In a work-a-day world everybody does a little day dreaming. It’s not that our lives are awful…just routine. Periodically we all do the “would’ve could’ve should’ve” thing. We ponder the “what if” then go on with our daily chores. For the most part we live full and happy lives. But every now and then that little voice asks what life would be like if you had followed that crazy dream making your avocation your vocation. But with a spouse and kids and a mortgage…what’s a body to do?
From time to time I have met people who have done just that. They toss caution to the wind and go after that crazy dream and scheme. The dream part is the goal. The scheme part is achieving the goal. It’s not glamourous. It is hard and frustrating and particularly unrewarding monetarily. They get called a lot of names. He’s crazy. He’s a loon or a whack-a-do. But they don’t care. To the dreamers and schemers…it goes with the territory. These are my favorite stories.
Fred D'Amico's mother is a good friend of mine. Several years ago she told me Fred was returning to Youngstown from California and wanted to make movies. She asked if I would talk to him. I agreed, but he had an awful lot to say. I had a list of adjectives to describe him…most of which I can’t print here. Some of the less offensive words were overbearing, super-talker, impatient, overly aggressive…did I mention somewhat obnoxious?
But behind the brusque behavior was a guy with a dream…a true believer. He saw potential in the Mahoning Valley as a place to make movies. The city had character, land, interesting back drops, empty dilapidated buildings suitable for sound studios, a work force, and lots of local color. Most of all, the cost of producing a movie here was 20-40% cheaper than making a movie anywhere else in the United States. Hollywood on the Mahoning. I thought he was nuts!!!! How could he possibly know this stuff?
But over the next few months I came to the realization he wasn’t nuts. He knew the business inside and out. He had 17 years of hands on experience. He was talented and creative. He had that vision thing. He had written scripts. He had acted in movies. He produced a feature film. He understood the mechanics of making a movie right down to sets and costumes. He understood labor relations. Most importantly, he understood the finances of making movies including tax issues which are the lifeblood of the industry. That’s the kind of education you get doing it rather than reading about it.
His goal was not to make movies. His goal was to bring people who want to make movies to Youngstown. He wants a film industry in Youngstown. He would tell anyone who would listen he was the guy who could put it together.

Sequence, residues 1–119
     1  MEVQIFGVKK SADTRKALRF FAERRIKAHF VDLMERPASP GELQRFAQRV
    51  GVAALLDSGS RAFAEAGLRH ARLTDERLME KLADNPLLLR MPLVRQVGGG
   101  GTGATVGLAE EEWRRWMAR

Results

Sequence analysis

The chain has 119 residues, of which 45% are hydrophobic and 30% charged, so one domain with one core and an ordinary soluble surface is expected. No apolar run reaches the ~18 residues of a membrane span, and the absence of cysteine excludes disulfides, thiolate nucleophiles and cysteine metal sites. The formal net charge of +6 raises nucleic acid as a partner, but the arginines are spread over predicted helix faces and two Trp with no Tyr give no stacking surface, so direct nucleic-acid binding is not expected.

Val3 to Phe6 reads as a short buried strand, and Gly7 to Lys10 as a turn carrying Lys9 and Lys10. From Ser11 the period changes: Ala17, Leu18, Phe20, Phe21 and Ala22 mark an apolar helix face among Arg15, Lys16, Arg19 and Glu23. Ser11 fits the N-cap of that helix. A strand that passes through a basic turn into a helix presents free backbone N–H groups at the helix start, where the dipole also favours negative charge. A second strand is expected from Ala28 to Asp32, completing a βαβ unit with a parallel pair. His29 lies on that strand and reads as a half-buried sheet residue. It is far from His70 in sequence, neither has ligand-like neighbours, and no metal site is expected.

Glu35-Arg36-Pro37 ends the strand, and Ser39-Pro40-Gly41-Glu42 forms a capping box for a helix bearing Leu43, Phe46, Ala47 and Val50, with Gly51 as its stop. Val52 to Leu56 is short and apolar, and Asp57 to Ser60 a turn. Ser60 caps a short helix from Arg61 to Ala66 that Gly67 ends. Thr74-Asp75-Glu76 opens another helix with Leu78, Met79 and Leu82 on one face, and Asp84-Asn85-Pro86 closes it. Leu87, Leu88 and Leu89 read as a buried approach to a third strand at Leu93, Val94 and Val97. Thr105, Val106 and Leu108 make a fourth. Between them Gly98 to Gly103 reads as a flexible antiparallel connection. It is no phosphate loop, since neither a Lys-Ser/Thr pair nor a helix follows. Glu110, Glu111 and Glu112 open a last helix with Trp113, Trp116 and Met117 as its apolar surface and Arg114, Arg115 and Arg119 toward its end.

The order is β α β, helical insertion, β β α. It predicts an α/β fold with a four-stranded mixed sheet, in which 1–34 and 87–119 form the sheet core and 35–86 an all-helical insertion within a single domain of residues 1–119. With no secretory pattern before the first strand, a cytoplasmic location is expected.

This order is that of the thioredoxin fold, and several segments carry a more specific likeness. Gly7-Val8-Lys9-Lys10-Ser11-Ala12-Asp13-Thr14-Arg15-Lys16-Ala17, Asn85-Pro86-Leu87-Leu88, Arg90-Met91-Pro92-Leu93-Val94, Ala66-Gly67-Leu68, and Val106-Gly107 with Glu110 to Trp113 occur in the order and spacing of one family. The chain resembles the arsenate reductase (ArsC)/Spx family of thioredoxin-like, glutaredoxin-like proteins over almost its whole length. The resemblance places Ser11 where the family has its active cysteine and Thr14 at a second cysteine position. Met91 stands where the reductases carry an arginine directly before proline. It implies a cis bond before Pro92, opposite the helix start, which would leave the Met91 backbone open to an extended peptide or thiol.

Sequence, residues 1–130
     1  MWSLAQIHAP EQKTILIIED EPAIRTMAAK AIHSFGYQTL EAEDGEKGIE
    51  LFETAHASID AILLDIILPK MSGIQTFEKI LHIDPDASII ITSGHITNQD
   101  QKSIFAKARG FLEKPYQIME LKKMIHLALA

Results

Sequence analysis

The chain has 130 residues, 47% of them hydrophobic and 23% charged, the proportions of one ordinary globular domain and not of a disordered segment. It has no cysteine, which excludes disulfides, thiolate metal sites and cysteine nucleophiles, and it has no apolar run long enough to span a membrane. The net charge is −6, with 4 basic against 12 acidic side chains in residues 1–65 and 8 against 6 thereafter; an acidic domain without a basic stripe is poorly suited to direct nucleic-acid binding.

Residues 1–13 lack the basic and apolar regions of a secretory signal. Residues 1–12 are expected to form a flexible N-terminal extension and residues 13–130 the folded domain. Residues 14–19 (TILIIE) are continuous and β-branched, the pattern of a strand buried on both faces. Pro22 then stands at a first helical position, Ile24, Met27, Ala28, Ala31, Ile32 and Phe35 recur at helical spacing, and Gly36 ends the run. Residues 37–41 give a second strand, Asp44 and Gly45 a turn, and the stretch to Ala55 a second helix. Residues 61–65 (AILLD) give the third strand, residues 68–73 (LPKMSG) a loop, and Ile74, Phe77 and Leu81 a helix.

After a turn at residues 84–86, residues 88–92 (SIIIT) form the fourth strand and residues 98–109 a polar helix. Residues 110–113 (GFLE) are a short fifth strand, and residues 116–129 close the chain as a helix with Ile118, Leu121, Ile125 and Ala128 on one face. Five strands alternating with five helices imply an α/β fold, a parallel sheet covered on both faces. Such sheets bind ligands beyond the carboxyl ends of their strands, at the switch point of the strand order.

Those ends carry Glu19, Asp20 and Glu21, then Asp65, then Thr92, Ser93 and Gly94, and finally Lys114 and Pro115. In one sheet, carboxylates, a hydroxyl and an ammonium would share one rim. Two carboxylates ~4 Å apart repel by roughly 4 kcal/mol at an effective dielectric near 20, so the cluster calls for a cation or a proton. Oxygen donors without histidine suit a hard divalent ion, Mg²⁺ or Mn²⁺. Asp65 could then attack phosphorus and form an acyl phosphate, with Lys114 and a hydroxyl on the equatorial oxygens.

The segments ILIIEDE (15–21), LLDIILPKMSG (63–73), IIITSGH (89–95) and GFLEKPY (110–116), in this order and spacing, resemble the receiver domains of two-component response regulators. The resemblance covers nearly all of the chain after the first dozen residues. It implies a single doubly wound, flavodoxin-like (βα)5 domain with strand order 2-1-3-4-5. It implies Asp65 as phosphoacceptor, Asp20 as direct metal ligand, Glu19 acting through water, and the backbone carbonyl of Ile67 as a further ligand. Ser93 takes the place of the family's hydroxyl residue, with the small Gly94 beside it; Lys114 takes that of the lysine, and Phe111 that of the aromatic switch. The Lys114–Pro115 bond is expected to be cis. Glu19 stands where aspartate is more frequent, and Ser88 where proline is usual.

Nothing was going to stand in Fred’s way including dealing with the “powers that be” in the Mahoning Valley. This is an extremely difficult place to get things done for any number of reasons…many of them justified…some not so much. Those in the entertainment industry understand that historically this area has been tough. Back in the Vaudeville days the acts would say if you could make it here you could make it anywhere. And “here” met Youngstown, not New York.
I dropped in and out of Fred’s dream over the next few years. In the process he taught me the nuts and bolts of the business. With glue and paste he brought folks here who were real honest to goodness Hollywood people. These were impressive folks with all of Fred’s drive but half the intensity. The locals ignored them. But these Hollywood folks told me what Fred told me.
It didn’t take me very long to decide that Fred was right. These are achievable goals. It would take lots of time, patience, and dedication. It would also take someone with an inch-thick hide. It is a dirty business.
Fred didn’t disappoint. He endlessly made the rounds selling his vision. As is anyone in the entertainment industry he was pushy and overbearing making as many enemies as friends. But he didn’t give up as he sold this area to all of his connections in the film industry. They would show up. They would be dismissed by local officials with more parochial goals. They would leave, and another batch would show up…over and over and over again.
But a funny thing happened on the way to the future. Fred got religion. He developed some personal relationships which gave him stability. And in the process he did all the right things. Get ready Youngstown. Hollywood on the Mahoning is on the way.
Making Movies in Youngstown